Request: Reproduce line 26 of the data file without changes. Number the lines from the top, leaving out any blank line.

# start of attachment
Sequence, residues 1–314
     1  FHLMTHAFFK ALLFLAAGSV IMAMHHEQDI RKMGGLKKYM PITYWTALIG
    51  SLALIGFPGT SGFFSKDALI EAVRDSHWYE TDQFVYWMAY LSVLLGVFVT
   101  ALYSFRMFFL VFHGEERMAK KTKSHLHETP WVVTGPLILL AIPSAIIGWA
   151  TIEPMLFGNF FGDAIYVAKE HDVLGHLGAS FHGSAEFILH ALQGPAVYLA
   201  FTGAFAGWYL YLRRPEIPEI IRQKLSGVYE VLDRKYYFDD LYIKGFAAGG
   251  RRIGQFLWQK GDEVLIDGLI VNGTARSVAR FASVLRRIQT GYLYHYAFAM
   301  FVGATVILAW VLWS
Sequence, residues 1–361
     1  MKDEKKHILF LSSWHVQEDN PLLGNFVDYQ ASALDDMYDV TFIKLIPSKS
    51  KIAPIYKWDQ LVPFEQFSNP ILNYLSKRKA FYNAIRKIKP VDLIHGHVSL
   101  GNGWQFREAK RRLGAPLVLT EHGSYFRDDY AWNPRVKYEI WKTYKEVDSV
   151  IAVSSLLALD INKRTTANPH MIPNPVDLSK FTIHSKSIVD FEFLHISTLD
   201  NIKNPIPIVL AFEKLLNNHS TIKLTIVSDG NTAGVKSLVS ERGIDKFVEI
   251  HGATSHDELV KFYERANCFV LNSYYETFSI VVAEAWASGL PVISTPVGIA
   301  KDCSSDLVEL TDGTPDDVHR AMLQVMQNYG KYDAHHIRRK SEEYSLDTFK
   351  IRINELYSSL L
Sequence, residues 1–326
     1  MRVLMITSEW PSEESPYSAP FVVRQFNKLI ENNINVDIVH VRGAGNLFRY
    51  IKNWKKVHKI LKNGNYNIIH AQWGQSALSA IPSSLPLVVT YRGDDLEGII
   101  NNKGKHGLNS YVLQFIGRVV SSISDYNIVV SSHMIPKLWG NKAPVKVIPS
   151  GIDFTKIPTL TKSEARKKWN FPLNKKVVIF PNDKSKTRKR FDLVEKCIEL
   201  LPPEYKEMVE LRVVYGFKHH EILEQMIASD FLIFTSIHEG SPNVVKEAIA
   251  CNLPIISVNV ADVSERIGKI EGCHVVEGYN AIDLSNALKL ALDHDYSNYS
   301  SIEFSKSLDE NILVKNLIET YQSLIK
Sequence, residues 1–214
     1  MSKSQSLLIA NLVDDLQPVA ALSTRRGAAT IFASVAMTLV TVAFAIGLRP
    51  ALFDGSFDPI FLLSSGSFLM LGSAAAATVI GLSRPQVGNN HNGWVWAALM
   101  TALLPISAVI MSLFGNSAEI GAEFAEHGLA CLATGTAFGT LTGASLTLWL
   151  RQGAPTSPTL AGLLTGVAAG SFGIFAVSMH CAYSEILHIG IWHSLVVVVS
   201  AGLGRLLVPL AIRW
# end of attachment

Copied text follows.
Sequence, residues 1–214